††††††††††† Changing the child’s residence in living with the alienated parent

Ultimately, what must be considered is the removal of the child/children from the emotionally abusing home. This should only be done after warnings have been given to the abuser and what will happen if the child fails to develop good contact and resumes a warm relationship with the absent parent. The warning must be unmistakably direct:

 

“You must insist that the child has good regular contact with the absent parent. This you can only achieve by reversing your previous ways in how you speak about the alienated parent. You need to speak well of that parent in the presence of the child. What you say must be sincere.You must explain to the child that you were wrong to speak badly about the absent parent and that you regret doing so. The child must accept that you have a true change of opinion and that the previous opinion was wrong.

You must tell the child that although you are no longer in love with the other parent; that this parent is a good parent who should receive love and respect from you (the child).”

If this fails to achieve the desired objective, the child must be removed from the home and placed in an independent centre. This includes a foster home or some other placement such as with a member of the extended family of the alienated parent. Here the child can be treated, or “debriefed” in preparation for regular visits to, and ultimately living with, the previously alienated parent. At no time should the alienator have contact with the child during this process of therapeutic intervention and debriefing.

 

Once the child accepts that he/she has a good parent who has been unfairly dismissed and treated. It is likely to be a long process to convince the child that the now absent, vilified and alienated parent can speak well also of the other parent, and that both parents can speak well of one another in the presence of the child. This provides the child with the opportunity of re-establishing a relationship with the absent parent while not losing a good relationship with the former alienating parent who now desists from this alienation.

 

The goal for those involved in the therapeutic rehabilitation is inculcating in both parents the view that each parent is of value and that the child needs not to give all love, affection and loyalty to one parent only, but to both. The child can be loyal to both parents without affronting the other. It is this which is in the best interest of the child in the short and long term. This should also be gratifying to both parents. In time it may be possible for them to establish a better relationship based on mutual responsibility towards their child/children rather than conducting a vendetta against one another.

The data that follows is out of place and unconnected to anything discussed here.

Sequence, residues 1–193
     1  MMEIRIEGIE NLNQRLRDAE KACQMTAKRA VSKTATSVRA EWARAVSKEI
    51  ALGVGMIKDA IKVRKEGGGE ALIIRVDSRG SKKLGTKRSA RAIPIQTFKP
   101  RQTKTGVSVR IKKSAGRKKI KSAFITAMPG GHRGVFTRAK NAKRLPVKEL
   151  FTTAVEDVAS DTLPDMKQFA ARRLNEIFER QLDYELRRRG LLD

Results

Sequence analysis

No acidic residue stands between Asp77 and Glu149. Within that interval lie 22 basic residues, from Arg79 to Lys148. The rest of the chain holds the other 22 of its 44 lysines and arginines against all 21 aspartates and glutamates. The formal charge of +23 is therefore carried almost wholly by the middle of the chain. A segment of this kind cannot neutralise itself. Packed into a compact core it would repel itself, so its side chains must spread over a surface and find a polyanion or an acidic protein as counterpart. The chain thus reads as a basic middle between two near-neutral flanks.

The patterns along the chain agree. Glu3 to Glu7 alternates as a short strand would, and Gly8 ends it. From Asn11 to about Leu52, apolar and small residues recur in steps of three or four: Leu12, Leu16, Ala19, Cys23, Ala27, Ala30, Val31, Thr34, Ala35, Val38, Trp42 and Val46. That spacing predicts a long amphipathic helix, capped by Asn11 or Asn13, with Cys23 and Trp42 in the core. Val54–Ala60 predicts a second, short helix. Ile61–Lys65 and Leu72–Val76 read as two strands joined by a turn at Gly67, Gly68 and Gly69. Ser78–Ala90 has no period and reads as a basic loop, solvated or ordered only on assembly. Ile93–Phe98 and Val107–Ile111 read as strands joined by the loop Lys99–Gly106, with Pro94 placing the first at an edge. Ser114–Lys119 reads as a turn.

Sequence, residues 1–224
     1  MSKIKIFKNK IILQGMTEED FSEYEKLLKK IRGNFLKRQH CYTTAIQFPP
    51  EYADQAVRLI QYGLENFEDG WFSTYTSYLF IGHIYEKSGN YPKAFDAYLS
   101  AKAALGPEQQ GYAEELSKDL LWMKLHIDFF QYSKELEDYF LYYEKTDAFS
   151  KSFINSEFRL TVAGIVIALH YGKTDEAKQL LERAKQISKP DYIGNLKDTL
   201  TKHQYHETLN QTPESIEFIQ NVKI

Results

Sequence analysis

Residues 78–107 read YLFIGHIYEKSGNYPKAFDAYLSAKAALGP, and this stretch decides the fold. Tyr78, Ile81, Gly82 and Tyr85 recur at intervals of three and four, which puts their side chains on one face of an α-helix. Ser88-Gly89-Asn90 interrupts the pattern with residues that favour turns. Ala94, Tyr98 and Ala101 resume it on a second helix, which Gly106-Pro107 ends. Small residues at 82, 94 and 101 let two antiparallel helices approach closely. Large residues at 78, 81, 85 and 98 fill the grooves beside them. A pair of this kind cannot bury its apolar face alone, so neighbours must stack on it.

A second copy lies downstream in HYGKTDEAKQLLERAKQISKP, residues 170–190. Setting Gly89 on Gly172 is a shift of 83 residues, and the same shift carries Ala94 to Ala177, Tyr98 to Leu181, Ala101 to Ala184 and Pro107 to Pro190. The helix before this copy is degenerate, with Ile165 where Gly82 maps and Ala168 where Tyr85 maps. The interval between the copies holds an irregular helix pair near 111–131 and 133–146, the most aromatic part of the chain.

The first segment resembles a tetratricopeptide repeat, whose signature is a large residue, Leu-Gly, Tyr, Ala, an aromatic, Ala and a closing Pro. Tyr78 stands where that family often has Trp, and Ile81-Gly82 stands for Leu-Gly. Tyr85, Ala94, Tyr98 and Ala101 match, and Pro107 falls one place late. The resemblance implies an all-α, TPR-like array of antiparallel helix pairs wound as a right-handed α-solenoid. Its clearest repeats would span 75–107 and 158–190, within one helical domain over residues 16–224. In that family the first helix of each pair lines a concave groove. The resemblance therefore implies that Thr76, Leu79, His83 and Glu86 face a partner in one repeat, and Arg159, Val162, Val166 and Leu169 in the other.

Let us receive a final word froma Judge, Justice Hedley:[iii]

In Re E (A Child) [2011] EWHC3521 (Fam):

“It is extremely important both for the courts and advisors, to spot at an early stage those cases which have the hallmarks of difficulty, let alone intractability about them…..it is extremely important that the parties at a relatively early stage have the opportunity to give evidence, not against each other, as happens in the fact finding hearings, but in respect of the interests of the child which are all too easily lost in the maelstrom of allegations.”

††††††††††† It is unfortunate that family law cases so often appear to go on and on without any resolution in most cases, especially those that involve severe parental alienation problems. In order to have greater success in obtaining true justice and doing what is in the best interest of the child it is vital that there be a close partnership and co-operation between the assessing expert witnesses and the Judiciary who make final decisions.

 

 

1.†††††††† Stage 3 – A severely alienated child of parental alienation syndrome. http://www.paskids.com/pas/stage3.php

2.†††††††† Clayton, H. (2012) Parental alienation and intractable contact disputes: an update. Family Law Week. http://www.familylawweek.co.uk/site.aspx?i=ed98218

3.†††††††† Clayton, H. (2012) Parental alienation and intractable contact disputes: an update. Family Law Week. http://www.familylawweek.co.uk/site.aspx?i=ed98218

 

www.parental-alienation.info 

eXTReMe Tracker



[1] See author’s article “Parental Alienationdue to a shared psychotic disorder (Folie a deux)” (2006) available on website www.parental-alienation.info